Margarita, (2012, Canada), part of the DC film festival and screened at the Goethe Institute, is a tale that pits the unknown history of the global South against its Northern neighbors, namely Canada. Margarita, is a 24 year old nanny from Mexico. She lives in a Canadian suburb with the family of; Gail and Gail’s common law husband, Ben and their daughter, Mali. Mali is 14 and really no longer in need of the constant care of a younger child.
Ben and Gail, are currently undergoing the dignities of having their vehicle repossessed as well as the lively conversations between each other, of how they are going to survive financially with an overwhelming amount of credit and mortgage dept. It’s not clear what causes their debt as their daughter goes to public school and both parents work full time in well paying professions. They do have a large, well maintained house, with a hot tub, though no car.
Since, both parents work full time and are busy with various other activities; it is Margarita who spends the time to love their daughter. The trouble though is; who is loving Margarita? Her girlfriend, Jane, does not want a full relationship, though Margarita wants to marry her. The increasingly cash strapped Gail and Ben decided to relieve Margarita of her employment with them, so they can save cash and Margarita, can, (in theory) go and live her own life; by returning to school and pursuing a profession other than being a nanny.
There is a huge catch to Margarita’s liberation: she is an illegal immigrant. According to Margarita’s story, when she came to Canada at the age of 18, she did not speak English, and no one told her the proper immigration procedure until the 6 months had passed for her to file paperwork accordingly, and she became illegal.
So, what is there to do? Margarita, receives a false identity card from Carlos, the Brazilian hot-tub repairman who has a crush on Margarita, but it becomes of no use once Margarita is hospitalized from a biking injury. The hospital informs the police of her immigration status and she is scheduled for deportation in six days.
Within this time, the parents realize they do not know what they would do without Margarita. She is both mother and father to their daughter, and she is the only one in the family who can manage money properly. Gail and Ben also realize, they do not know anything about Margarita’s past in detail. Margarita’s friend Carlos, is the one who openly chastises her employers, for their cluelessness.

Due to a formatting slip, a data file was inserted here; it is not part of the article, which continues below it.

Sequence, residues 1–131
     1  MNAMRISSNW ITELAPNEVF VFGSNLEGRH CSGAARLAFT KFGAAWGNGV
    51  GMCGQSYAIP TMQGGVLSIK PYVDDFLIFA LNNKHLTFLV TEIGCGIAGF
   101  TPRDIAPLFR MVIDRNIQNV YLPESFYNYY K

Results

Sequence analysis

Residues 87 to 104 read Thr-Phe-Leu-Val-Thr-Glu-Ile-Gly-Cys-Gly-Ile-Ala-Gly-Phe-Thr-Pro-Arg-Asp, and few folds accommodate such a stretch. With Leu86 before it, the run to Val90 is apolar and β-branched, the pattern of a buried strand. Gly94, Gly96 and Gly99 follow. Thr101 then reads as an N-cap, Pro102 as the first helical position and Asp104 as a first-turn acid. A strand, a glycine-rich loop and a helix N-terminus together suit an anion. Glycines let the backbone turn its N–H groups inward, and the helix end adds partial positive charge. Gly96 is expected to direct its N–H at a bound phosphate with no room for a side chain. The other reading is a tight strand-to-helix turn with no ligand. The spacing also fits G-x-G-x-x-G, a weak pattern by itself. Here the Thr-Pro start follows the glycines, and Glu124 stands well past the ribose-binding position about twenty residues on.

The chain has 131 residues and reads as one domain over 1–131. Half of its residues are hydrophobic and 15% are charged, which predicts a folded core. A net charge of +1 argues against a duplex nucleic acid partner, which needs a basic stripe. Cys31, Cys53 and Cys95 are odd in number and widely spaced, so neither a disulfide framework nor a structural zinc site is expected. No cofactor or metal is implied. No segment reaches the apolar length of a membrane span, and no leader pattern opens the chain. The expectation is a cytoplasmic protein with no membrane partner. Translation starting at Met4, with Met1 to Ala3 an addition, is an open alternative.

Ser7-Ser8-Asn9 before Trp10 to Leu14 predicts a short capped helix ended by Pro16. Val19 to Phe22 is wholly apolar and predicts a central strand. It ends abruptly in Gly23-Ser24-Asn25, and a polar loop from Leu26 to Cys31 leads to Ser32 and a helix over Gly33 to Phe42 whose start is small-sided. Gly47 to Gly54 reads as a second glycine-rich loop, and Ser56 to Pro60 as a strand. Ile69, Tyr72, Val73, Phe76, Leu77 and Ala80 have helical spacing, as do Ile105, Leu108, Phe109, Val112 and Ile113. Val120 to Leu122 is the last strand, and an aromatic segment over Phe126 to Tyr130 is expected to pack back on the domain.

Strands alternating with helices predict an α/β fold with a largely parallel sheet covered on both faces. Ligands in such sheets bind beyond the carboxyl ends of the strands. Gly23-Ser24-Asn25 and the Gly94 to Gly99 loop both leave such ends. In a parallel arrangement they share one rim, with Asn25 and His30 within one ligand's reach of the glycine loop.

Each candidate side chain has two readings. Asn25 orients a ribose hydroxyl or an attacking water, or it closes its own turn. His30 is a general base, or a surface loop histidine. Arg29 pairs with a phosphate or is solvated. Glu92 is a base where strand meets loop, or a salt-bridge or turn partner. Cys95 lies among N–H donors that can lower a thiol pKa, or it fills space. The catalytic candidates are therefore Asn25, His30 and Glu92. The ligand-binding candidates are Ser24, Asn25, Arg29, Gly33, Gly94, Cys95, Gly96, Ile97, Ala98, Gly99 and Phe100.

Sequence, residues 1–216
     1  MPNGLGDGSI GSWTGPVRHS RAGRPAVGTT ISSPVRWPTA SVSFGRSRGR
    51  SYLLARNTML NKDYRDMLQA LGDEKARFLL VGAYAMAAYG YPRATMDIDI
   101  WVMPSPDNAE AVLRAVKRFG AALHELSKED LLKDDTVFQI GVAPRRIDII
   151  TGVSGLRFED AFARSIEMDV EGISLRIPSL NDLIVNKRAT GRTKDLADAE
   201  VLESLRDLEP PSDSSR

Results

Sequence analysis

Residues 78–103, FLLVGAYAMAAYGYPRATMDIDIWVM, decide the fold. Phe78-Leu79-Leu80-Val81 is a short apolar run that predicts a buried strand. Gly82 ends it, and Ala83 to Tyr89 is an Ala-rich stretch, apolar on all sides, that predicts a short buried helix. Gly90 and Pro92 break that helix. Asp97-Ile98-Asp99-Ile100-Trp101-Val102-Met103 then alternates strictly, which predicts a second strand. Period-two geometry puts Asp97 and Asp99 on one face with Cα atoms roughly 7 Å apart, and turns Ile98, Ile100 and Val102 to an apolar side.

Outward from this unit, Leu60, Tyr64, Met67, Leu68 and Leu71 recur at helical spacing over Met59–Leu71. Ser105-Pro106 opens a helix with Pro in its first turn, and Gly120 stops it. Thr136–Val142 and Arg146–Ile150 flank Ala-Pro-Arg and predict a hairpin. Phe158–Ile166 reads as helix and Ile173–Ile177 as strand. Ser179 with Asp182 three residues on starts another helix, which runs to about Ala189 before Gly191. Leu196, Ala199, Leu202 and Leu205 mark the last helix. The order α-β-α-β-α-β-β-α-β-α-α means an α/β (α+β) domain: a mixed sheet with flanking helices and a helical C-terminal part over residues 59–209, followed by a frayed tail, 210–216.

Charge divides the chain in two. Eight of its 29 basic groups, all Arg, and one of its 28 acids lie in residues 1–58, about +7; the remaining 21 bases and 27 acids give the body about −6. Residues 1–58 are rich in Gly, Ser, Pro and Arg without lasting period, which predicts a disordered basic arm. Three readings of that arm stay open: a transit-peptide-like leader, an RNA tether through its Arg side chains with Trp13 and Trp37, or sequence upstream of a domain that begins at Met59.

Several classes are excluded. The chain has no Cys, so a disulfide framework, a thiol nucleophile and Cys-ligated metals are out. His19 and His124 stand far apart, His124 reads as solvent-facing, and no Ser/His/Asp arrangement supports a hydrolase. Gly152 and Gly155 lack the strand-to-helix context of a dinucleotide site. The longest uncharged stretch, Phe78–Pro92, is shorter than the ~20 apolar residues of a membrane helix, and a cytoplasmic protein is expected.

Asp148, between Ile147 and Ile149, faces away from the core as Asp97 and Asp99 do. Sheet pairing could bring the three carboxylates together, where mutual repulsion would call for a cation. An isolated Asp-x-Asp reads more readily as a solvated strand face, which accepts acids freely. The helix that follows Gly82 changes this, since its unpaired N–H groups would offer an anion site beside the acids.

Still, Gail and Ben are not all bad. It’s just that both are just so busy with their work, they have no home lives. Margarita is the one who successfully pushes their daughter to do better in math, and cares for all the household needs. It’s the parents’ lack of questioning toward Margarita that reflects a general ignorance on the part of the North as to what the majority of fates in the global South are like. Though, the parents’ selfishness, catches up to them, and once they realize the full impact Margarita has on their lives, they make some incredibly comical and warm hearted attempts to keep her.
Though, the acting takes time to warm up this is definitely a film worth seeing. It brings to light the human, financial and emotional complexities of immigration debates. These arguments are portrayed with humor in a manner one could envision actually happening in real life.
By Sarah Bahl
"Ballet's Greatest Hits–YAGP Gala" played at AFI Silver Theater last Sunday, is remarkable for bringing to life what people love most about ballet. The still shots of dancers perfectly embodied in mid-air remind one of how perfectly graceful these athletes are. Their grace brings an ethereal sense of power to a long standing dance profession which will hopefully never die out. The Nutcracker was delved into as one of the most popular ballets of all time, due to its storyline and the playful, elegant qualities of Pyotr Tchaikovsky's score that brings a person to another world, that is filled with sugar, light, and its own magical dangers.
The cross cultural affinities of ballet were addressed with discussions of Flames of Paris, a Soviet ballet of the French Revolution. Though, the dancers' movements were basic, (at least based on the clips shown) the intrinsic cultural values were of utmost precedence for the piece. The historical accounts of Giselle were interesting as the first dancer to play Giselle, Isabelle Ciaravola, is still so well known today. The lead dancer for the Willis was interviewed, and the otherworldly elements of the piece and the psychological meanings behind them are commented on by the dancer(s).
Overall, the film is fun, interesting, and of great cultural and historic value. That is, once one recovers from the horror of watching ballet via film and not live. The still shots of the dancers in air, helped balance the ballet on film aspect. Seeing is not believing, as one may see, blink, and still not quite find to be true, the wonderful love for life and beauty that is ballet.